`$$ \begin{aligned} s_{xy} & = \frac{1}{n-1}\bigg(\sum xy - \frac{(\sum x)(\sum y)}{n}\bigg)\\ & = \frac{1}{5-1}\bigg(56950-\frac{(141)(1960)}{5}\bigg)\\ &= \frac{1}{4}\bigg(56950-\frac{276360}{5}\bigg)\\ &= \frac{1}{4}\bigg(56950-55272\bigg)\\ &= \frac{1678}{4}\\ &= 419.5. \end{aligned} $$`

The Karl Pearson's sample correlation coefficient between **advertising expenditure** and **sales** is

`$$ \begin{aligned} r_{xy} & = \frac{Cov(x,y)}{\sqrt{V(x) V(y)}}\\ &= \frac{s_{xy}}{\sqrt{s_x^2s_y^2}}\\ &=\frac{419.5}{\sqrt{37.2\times 4970}}\\ &=\frac{419.5}{\sqrt{184884}}\\ &=0.9756. \end{aligned} $$`

The correlation coefficient between **advertising expenditure** and **sales** is $0.9756$. Since the value of correlation coefficient is positive, there is a strong positive relationship between advertising expenditure and sales.

## Example 2

A study of the amount of rainfall and the quantity of air pollution removed produced the following data:

Daily Rainfall (0.01cm) | 4.3 | 4.5 | 5.9 | 5.6 | 6.1 | 5.2 | 3.8 | 2.1 | 7.5 |
---|---|---|---|---|---|---|---|---|---|

Particulate Removed ($\mu g/m^3$) | 126 | 121 | 116 | 118 | 114 | 118 | 132 | 141 | 108 |

Calculate correlation coefficient between daily rainfall and particulate removed.

### Solution

Let $x$ denote the daily rainfall (0.01 cm) and $y$ denote the particulate removed ($\mu g/m^3$).

$x$ | $y$ | $x^2$ | $y^2$ | $xy$ | |
---|---|---|---|---|---|

1 | 4.3 | 126 | 18.49 | 15876 | 541.8 |

2 | 4.5 | 121 | 20.25 | 14641 | 544.5 |

3 | 5.9 | 116 | 34.81 | 13456 | 684.4 |

4 | 5.6 | 118 | 31.36 | 13924 | 660.8 |

5 | 6.1 | 114 | 37.21 | 12996 | 695.4 |

6 | 5.2 | 118 | 27.04 | 13924 | 613.6 |

7 | 3.8 | 132 | 14.44 | 17424 | 501.6 |

8 | 2.1 | 141 | 4.41 | 19881 | 296.1 |

9 | 7.5 | 108 | 56.25 | 11664 | 810.0 |

Total | 45.0 | 1094 | 244.26 | 133786 | 5348.2 |

The sample variance of $x$ is

`$$ \begin{aligned} s_{x}^2 & = \frac{1}{n-1}\bigg(\sum x^2 - \frac{(\sum x)^2}{n}\bigg)\\ & = \frac{1}{9-1}\bigg(244.26-\frac{(45)^2}{9}\bigg)\\ &= \frac{1}{8}\bigg(244.26-\frac{2025}{9}\bigg)\\ &= \frac{1}{8}\bigg(244.26-225\bigg)\\ &= \frac{19.26}{8}\\ &= 2.4075. \end{aligned} $$`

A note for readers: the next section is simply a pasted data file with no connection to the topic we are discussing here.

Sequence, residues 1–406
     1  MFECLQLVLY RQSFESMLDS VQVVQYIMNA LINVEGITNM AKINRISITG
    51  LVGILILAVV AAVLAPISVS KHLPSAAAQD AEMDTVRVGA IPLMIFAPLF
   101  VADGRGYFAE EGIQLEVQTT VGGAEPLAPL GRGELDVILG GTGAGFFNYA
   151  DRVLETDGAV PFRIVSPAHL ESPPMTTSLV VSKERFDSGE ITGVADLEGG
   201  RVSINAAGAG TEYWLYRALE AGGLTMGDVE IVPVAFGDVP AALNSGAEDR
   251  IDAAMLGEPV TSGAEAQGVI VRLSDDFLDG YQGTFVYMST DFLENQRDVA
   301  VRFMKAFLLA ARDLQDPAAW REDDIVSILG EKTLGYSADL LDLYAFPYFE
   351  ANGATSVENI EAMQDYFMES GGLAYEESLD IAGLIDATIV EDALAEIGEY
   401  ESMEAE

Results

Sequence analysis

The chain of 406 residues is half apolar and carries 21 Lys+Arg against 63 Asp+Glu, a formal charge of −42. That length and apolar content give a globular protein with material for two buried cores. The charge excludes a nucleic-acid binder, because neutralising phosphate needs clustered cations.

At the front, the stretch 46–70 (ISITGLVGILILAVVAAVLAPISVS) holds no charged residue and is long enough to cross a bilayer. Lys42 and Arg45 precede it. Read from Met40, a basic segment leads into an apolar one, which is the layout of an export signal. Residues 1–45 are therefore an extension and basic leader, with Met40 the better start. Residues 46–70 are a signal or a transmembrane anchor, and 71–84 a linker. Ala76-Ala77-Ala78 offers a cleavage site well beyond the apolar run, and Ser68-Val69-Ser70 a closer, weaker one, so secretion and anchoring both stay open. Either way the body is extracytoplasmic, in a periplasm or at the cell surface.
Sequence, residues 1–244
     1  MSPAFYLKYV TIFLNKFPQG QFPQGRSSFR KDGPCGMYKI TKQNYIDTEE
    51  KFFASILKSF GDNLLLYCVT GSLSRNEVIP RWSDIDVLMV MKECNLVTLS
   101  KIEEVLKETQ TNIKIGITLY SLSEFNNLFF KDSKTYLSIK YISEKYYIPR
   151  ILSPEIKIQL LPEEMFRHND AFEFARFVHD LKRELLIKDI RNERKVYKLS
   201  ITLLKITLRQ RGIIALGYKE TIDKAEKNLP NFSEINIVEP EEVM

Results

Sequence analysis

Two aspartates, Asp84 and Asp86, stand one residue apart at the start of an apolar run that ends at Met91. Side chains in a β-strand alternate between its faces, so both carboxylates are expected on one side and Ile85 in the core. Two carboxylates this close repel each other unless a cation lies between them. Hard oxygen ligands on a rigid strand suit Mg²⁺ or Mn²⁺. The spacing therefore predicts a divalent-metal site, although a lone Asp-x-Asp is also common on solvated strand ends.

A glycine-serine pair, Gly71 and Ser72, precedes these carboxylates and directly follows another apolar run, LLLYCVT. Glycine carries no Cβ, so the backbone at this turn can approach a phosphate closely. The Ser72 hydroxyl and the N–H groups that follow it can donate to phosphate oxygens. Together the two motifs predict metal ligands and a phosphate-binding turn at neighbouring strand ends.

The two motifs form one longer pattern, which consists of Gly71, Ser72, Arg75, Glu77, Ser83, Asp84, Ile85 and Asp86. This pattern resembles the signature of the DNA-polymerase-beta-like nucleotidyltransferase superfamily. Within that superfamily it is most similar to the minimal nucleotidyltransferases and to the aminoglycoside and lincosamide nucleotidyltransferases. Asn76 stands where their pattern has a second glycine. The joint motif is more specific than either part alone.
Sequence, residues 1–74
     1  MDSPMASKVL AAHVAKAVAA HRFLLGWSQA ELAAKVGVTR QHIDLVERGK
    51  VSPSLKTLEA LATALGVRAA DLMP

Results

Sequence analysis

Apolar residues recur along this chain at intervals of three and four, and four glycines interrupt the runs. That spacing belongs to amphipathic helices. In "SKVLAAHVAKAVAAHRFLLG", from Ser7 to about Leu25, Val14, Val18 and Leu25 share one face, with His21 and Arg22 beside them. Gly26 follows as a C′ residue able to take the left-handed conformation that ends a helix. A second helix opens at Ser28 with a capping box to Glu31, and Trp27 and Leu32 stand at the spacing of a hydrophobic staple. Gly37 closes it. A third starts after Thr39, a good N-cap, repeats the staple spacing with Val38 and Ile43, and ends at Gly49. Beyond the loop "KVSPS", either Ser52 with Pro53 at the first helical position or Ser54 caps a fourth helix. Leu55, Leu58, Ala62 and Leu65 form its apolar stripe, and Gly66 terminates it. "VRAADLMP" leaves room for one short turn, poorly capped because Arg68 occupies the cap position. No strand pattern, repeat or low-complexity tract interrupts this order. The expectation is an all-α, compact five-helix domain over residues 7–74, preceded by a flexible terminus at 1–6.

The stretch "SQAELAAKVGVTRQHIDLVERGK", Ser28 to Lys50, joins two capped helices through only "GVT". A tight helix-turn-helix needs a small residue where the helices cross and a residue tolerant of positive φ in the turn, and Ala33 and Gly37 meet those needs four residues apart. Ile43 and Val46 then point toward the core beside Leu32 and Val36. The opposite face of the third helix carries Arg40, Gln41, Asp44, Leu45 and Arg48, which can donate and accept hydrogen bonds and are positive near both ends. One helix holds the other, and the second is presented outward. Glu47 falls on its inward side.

The sample variance of $x$ is

`$$ \begin{aligned} s_{y}^2 & = \frac{1}{n-1}\bigg(\sum y^2 - \frac{(\sum y)^2}{n}\bigg)\\ & = \frac{1}{9-1}\bigg(133786-\frac{(1094)^2}{9}\bigg)\\ &= \frac{1}{8}\bigg(133786-\frac{1196836}{9}\bigg)\\ &= \frac{1}{8}\bigg(133786-132981.7778\bigg)\\ &= \frac{804.2222}{8}\\ &= 100.5278. \end{aligned} $$`

The sample covariance between $x$ and $y$ is

`$$ \begin{aligned} s_{xy} & = \frac{1}{n-1}\bigg(\sum xy - \frac{(\sum x)(\sum y)}{n}\bigg)\\ & = \frac{1}{9-1}\bigg(5348.2-\frac{(45)(1094)}{9}\bigg)\\ &= \frac{1}{8}\bigg(5348.2-\frac{49230}{9}\bigg)\\ &= \frac{1}{8}\bigg(5348.2-5470\bigg)\\ &= \frac{-121.8}{8}\\ &= -15.225. \end{aligned} $$`

The Karl Pearson's sample correlation coefficient between **daily rainfall** and **particulate removed** is

`$$ \begin{aligned} r_{xy} & = \frac{Cov(x,y)}{\sqrt{V(x) V(y)}}\\ &= \frac{s_{xy}}{\sqrt{s_x^2s_y^2}}\\ &=\frac{-15.225}{\sqrt{2.4075\times 100.5278}}\\ &=\frac{-15.225}{\sqrt{242.0207}}\\ &=-0.9787. \end{aligned} $$`

The correlation coefficient between **daily rainfall** and **particulate removed** is $-0.9787$. Since the value of correlation coefficient is negative, there is a strong negative relationship between daily rainfall and particulate removed.